* marvel at Mabini’s handwriting!

Let me share with you some of the belongings of Apolinario Mabini displayed at the Mabini Shrine. They are varied. Most were obtained from his home in Nagtahan. The transfer was done during the administration of President Macapagal, if I am not mistaken. One was a donation from a friend (or was it a loved-one?).

The existence of these things was the reason of my remark that Mabini is one of the more ‘human’ heroes we have. One can imagine him sitting in that big chair, contemplating the Philippine Revolution and the entry of the Americans to the Philippines. One can imagine him looking up that elegant clock, realizing the lateness of the day after hours of writing.

* a book owned by Mabini

* a Walker’s Dictionary

* El Sol – The Sun; his clock

* mga muebles

* the Sublime Paralytic’s chair; sorry,
but this is not the
one seen in one of his most prominent photos

* finally, his coffin; during my first visit, it was not still covered in glass, and so the cloth covering it was…well...a good souvenir it seemed to me…so…
(no one should do that again, tsk)

Visiting shrines like this is one step forward in knowing our heroes. This one needs no reiteration anymore, but our heroes are not just names on books and magazines. They are humans and they lived particularly during those important periods in our history. If you think that studying and knowing heroes is baduy or corny, then I don’t think you should wear stuffs with Philippine flags or with lines “I am Filipino.” Kailangang pangatawanan natin ang pagiging Pilipino. And one way to assert this is to at least familiarize ourselves to those historical figures (I am beginning to believe that the term ‘hero’ is quite limiting) who contributed in molding our nationalistic consciousness.

Saturday, November 27, 2010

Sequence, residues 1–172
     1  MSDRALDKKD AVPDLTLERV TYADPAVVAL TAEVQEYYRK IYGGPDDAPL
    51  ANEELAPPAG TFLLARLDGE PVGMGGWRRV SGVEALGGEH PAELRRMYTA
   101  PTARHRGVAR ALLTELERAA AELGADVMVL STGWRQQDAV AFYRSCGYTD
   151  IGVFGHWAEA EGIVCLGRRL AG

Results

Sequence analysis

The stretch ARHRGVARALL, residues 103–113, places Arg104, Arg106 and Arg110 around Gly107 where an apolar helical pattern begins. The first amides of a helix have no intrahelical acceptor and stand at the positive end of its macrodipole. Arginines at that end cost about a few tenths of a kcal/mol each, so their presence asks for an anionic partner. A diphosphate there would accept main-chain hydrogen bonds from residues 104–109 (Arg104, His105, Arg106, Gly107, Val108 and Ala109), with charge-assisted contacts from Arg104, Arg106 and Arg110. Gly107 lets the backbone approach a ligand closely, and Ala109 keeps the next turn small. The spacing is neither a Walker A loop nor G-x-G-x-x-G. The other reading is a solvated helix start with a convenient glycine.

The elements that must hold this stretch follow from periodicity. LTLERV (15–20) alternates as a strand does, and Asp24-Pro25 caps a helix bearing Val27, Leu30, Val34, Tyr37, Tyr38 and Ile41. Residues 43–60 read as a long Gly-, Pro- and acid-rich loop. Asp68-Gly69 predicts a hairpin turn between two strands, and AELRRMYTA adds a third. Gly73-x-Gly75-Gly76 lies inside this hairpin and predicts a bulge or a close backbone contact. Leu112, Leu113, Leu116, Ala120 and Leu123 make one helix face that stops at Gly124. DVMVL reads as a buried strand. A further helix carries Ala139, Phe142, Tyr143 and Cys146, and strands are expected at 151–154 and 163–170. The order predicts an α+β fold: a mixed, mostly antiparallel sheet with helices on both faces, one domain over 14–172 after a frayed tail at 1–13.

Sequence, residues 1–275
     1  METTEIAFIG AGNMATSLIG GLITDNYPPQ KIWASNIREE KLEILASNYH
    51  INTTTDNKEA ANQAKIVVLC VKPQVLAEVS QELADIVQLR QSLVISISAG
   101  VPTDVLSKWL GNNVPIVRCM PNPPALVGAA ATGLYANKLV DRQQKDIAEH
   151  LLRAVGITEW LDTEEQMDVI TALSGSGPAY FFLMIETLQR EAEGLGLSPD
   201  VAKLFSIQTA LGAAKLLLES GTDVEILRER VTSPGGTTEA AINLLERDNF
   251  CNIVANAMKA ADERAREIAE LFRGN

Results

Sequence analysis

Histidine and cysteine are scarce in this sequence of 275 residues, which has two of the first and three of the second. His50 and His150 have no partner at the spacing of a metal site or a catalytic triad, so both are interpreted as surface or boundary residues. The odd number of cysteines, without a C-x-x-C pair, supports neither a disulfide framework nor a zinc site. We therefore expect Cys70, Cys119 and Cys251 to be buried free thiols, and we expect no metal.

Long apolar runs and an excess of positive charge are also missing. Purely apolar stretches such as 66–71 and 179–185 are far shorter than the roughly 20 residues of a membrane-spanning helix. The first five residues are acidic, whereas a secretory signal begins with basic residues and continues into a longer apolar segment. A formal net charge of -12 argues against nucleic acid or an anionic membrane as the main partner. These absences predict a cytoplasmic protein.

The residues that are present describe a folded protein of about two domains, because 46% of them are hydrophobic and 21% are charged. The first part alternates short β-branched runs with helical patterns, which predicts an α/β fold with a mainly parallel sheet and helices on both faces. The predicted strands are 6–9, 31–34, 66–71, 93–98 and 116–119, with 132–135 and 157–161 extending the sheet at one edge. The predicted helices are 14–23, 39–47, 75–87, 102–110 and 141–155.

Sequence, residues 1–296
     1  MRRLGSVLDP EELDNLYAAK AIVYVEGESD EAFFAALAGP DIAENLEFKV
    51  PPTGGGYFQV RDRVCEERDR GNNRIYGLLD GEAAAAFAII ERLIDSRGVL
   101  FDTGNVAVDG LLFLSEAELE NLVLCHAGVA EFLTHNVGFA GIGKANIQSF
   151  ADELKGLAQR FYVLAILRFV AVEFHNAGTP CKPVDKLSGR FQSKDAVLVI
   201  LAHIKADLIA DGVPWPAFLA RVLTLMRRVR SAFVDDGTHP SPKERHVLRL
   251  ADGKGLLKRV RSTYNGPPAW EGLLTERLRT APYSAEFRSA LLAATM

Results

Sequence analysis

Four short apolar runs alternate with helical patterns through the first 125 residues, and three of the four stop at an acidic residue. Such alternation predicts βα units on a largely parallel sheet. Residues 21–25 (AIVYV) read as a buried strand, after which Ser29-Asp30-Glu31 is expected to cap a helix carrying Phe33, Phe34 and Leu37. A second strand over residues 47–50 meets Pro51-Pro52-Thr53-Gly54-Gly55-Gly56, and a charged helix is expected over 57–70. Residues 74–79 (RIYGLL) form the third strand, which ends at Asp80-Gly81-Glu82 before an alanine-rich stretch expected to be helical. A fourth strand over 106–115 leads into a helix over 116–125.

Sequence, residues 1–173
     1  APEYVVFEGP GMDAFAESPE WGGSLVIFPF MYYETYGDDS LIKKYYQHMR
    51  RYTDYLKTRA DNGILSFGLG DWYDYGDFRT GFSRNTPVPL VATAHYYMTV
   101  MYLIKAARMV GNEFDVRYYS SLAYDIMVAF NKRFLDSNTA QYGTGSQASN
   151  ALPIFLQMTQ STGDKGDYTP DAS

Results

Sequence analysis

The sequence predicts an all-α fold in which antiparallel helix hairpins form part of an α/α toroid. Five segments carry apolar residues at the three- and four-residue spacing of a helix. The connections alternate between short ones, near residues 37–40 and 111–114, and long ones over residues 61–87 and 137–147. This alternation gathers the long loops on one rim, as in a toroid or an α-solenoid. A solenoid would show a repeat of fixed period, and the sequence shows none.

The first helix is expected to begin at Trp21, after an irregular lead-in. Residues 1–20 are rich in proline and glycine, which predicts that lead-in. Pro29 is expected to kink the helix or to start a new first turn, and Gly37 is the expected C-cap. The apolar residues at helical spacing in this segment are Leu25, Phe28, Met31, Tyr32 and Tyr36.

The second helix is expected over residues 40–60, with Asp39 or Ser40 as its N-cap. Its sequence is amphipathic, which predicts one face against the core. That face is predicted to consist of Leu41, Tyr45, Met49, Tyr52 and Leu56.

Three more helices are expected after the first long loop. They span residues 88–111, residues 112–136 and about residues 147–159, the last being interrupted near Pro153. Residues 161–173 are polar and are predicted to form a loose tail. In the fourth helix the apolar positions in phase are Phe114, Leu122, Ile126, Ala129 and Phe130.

Trek to Tanauan, Batangas: Mabini Shrine

* Mabini Shrine’s main building

* a bust of the Sublime Paralytic

* Mabini’s final resting place

* different photos of Mabini; the one in the middle shows Mabini when he was not still paralyzed

I first visited Mabini Shrine six years ago. It was one of my first few attempts to travel outside our city after graduating in high school. My revisit was to fill in my regret for making the first trip for trip’s sake. And since I am now hooked into Philippine history, the proximity of Tanauan City (yes, it is now a city) enabled the revisit.

The Shrine

Barangay Talaga, where the Mabini Shrine is found, still has that rural feel to it. And I wonder if the serene atmosphere and the simplicity of the place where he grew up conditioned the young Mabini’s mind for making things plain and simple as some opined about him and his works.

Upon entering the shrine, you will see a wide area for rest and leisure. It was more like a park. The centerpiece is the building which houses several offices, the museum, Mabini’s mausoleum, and a function hall of some sort at the back. The replica of the nipa hut of the Mabinis somehow breaks the symmetric view.
At the heart of the building is the mausoleum, made of white marble, inscribed plainly with his signature. A bust is erected in front. No other extraneous designs.

The museum contains several of the hero’s belongings from his Nagtahan home. The perceived bias in favor of other heroes (for Rizal most prominently) has its drawbacks of course. Although Mabini can be said to be a ‘victim’ of such bias, I am beginning to doubt whether it really relegated him to the background of ‘historical prominence’.

For one, those belongings which managed to survive are, for me, strong motivations for one willing person to dig in more about Mabini. It gives one a sense of reality about him. ‘Yung tipong talagang nabuhay siya. We are overfed with details about the other heroes to the point of making them abstract things in our minds. Given his works, Mabini is indeed worth studying. Those surviving relics may be small compared with the constellation of what we have at hand related to Rizal, for example. But then, the invitation to know more about the other heroes will never be outmoded. I, for one, am a recipient of this encouragement for I have only managed to read his Decalogue, some notes on his biography and briefs mentions by historian Ambeth Ocampo, and saw the Decalogue paintings from Center for Art Ventures and Sustainable Development or CANVAS. Much more can still be learned about him.